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NATO Troops Tear Down Sarajevo’s ‘Berlin Wall’

TIMES STAFF WRITER

Amid reports of harassment of elderly non-Serbs in a Serb-held district of Sarajevo, NATO peacekeepers moved Tuesday to eliminate the last and most symbolic checkpoint dividing the city.

In an unannounced but long-anticipated operation, French troops dismantled the ugly barriers of blue metal and concrete that had set apart the Serb-held district of Grbavica, where U.N. officials and residents have reported a wave of intimidation and beatings of non-Serbs in recent days.

Grbavica is one of several Serbian suburbs that, under the U.S.-brokered peace accord for Bosnia-Herzegovina, will be transferred to Muslim-Croat government authority in a process to begin Saturday, when all Serbian forces have to withdraw. Fear of the transfer has sent thousands of Serbs fleeing for refuge elsewhere in Bosnian Serb territory.

The barricade blocking access to Grbavica had come to symbolize the insurmountable ethnic division created by the war; it was the closest thing to a Berlin Wall that Sarajevo had, located in the middle of the capital across the ill-named Brotherhood and Unity Bridge.

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Its continued presence, long after checkpoints elsewhere in the country had fallen, violated the ideal of free movement set forth in the peace accord and seemed to encourage the Bosnian Serbs and the Muslim-led government to persist in restricting the movement of civilians.

A somewhat stunned Bosnian Serb police officer watched the French bulldoze the barriers, and a civilian woman exclaimed, “I don’t believe it!”

In Grbavica, a handful of Muslim residents have told U.N. fieldworkers of being visited by armed “thugs” who steal their possessions and order them to leave town.

The incidents in Grbavica come as many Serbs feel forced to flee, or at least to remove their possessions--including the bodies of their loved ones dug up from local cemeteries--before the advent of Muslim-Croat rule.

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One resident told The Times of two Muslim friends who were beaten in separate incidents late last week by men who barged into their apartments. One of the victims, a retired pediatrician, opened her door to the men when they pretended to need a doctor for a sick child, according to the source, a non-Serb woman who has lived in Grbavica all her life. Then they roughed up the doctor and stole her TV set.

“There are gangs who rob, steal and maltreat people, especially Muslims,” the woman said. “We always had them here, but now it is at a peak, what with the people leaving and everything.”

U.N. officials said the authorities in Grbavica professed outrage and blamed the incidents on uncontrollable rogue elements. But because police and military security in Grbavica is so tight, the officials doubted that local authorities, who will lose their jobs under the peace accord, did not know about the harassment campaign.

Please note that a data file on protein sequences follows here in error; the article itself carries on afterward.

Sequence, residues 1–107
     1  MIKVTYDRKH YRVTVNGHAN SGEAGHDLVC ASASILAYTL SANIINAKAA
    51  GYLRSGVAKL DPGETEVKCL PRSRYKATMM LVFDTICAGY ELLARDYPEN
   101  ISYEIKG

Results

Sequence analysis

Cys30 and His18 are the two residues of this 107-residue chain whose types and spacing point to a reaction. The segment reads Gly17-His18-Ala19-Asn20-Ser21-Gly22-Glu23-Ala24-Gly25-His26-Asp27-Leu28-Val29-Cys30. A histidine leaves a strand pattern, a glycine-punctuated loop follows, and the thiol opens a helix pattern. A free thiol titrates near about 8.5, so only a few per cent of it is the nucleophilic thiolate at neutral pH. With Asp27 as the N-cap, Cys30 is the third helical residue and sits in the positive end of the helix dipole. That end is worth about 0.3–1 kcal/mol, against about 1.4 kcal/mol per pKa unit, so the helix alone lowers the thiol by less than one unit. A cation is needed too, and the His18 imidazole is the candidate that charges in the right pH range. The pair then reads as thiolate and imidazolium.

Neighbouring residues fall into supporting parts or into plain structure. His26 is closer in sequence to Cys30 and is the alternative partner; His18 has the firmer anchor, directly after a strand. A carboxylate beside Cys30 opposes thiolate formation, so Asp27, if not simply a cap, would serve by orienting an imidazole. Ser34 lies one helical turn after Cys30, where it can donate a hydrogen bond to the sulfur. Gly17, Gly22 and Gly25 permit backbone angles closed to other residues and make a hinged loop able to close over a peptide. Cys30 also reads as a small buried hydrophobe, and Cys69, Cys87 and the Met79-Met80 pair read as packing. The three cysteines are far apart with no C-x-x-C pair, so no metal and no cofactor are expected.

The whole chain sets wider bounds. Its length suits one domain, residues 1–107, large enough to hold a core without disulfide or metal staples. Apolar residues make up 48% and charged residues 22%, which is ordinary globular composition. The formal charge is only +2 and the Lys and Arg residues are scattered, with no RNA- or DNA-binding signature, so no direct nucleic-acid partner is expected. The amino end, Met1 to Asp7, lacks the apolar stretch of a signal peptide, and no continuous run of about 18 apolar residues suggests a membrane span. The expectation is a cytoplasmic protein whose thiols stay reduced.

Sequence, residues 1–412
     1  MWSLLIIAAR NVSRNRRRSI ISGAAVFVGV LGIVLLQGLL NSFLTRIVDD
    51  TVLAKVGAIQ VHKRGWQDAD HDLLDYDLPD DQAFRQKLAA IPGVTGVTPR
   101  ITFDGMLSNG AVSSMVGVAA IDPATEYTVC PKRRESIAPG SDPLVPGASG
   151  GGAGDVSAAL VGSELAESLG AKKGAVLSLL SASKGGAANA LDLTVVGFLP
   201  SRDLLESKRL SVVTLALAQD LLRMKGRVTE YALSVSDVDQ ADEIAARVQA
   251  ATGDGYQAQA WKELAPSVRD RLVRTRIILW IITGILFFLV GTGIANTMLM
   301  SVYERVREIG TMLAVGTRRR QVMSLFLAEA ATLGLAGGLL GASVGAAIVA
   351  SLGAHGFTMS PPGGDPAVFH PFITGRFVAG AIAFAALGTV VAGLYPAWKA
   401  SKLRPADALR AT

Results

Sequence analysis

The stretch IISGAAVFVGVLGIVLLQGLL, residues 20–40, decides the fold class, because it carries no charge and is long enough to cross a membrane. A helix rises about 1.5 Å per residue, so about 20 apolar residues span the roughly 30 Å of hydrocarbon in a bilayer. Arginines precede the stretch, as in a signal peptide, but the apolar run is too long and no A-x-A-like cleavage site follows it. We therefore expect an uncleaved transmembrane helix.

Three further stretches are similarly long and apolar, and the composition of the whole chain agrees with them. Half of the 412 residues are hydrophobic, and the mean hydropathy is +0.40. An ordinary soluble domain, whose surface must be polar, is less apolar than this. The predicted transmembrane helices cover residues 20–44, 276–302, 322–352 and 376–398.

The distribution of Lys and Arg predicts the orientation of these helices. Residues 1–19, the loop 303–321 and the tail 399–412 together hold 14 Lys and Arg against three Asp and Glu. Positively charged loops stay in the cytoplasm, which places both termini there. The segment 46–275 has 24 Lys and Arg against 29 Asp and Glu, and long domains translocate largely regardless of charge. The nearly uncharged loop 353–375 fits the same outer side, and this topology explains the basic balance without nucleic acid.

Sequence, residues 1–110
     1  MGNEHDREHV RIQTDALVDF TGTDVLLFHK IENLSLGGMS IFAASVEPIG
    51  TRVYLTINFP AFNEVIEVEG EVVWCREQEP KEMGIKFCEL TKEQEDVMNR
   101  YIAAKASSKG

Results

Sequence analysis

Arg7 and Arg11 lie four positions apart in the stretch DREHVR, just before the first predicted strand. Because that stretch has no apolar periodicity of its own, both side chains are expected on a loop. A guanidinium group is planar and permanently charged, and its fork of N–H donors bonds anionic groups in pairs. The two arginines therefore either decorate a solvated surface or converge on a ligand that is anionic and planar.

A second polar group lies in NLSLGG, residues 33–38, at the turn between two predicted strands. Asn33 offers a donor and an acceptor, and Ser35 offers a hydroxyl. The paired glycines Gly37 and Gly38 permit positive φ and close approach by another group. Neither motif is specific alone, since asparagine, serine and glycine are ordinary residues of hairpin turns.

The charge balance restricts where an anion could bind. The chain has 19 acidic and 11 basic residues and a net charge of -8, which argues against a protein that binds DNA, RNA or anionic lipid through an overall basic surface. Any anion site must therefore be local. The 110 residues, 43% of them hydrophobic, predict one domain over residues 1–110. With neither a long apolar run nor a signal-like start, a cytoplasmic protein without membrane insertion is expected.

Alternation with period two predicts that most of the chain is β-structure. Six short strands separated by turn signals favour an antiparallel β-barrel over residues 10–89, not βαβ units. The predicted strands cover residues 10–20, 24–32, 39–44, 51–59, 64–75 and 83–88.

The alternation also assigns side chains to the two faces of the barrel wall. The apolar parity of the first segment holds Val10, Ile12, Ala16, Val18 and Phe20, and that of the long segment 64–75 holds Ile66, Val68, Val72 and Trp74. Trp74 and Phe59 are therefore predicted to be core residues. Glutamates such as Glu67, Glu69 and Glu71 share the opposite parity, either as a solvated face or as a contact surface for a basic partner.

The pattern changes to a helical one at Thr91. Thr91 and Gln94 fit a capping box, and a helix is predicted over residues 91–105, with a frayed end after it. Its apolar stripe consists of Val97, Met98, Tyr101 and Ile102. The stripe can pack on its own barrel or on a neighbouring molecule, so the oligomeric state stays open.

“It’s hard for us to tell whether it is steered or not steered,” Kris Janowski, spokesman for the U.N. refugee relief agency, said Tuesday. “There is pressure; there is harassment. We don’t know how widespread it is. We may be just seeing the tip of the iceberg.”

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U.N. officials have been able to document only half a dozen cases of abuse in Grbavica but believe that the incidents are part of a larger campaign. All involved elderly non-Serbs who were told to leave by men breaking into their homes. Most victims are too frightened to speak to U.N. investigators or anyone else, Janowski said.

With the deadline looming for the transfer of the Serbian suburbs to government rule, diplomats predicted an increasingly tense situation. They accused the Bosnian Serb leadership of fanning fears to provoke a mass exodus because allowing Serbs to stay and live with Muslims and Croats would undermine the notion of ethnic segregation that was the basis of the Serbian war effort.

Up to a quarter of the Serbs in Sarajevo suburbs, or about 15,000 to 25,000 people, have left, U.N. officials said.

Asked whether they could better protect the Muslims, Croats and other non-Serb civilians in Grbavica, spokesmen for the North Atlantic Treaty Organization-led peace Implementation Force, or IFOR, reiterated that their mandate does not include police work.

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“We are concerned” about the reports, said Capt. Mark Van Dyke, spokesman for U.S. Adm. Leighton W. Smith, commander of the NATO forces in Bosnia. “We have told our forces to look out for violence.”

But he said that placing IFOR troops in the role of police would constitute mission creep--the expanding of duties into murky areas beyond the original mandate.

Meanwhile, in the latest meeting aimed at building contact between the Bosnian enemies, the Serbs’ second-ranking official, Nikola Koljevic, came to Sarajevo on Tuesday to talk about upcoming elections and the problem of the suburbs.

Koljevic, thought at one time to be a potential replacement for Bosnian Serb leader Radovan Karadzic, was the most senior Bosnian Serb official to visit Muslim-held territory since the war began nearly four years ago.

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“I must say I feel rather strange and nostalgic,” Koljevic said. “But it is good that we met here. It is good that people meet again and talk to each other.”


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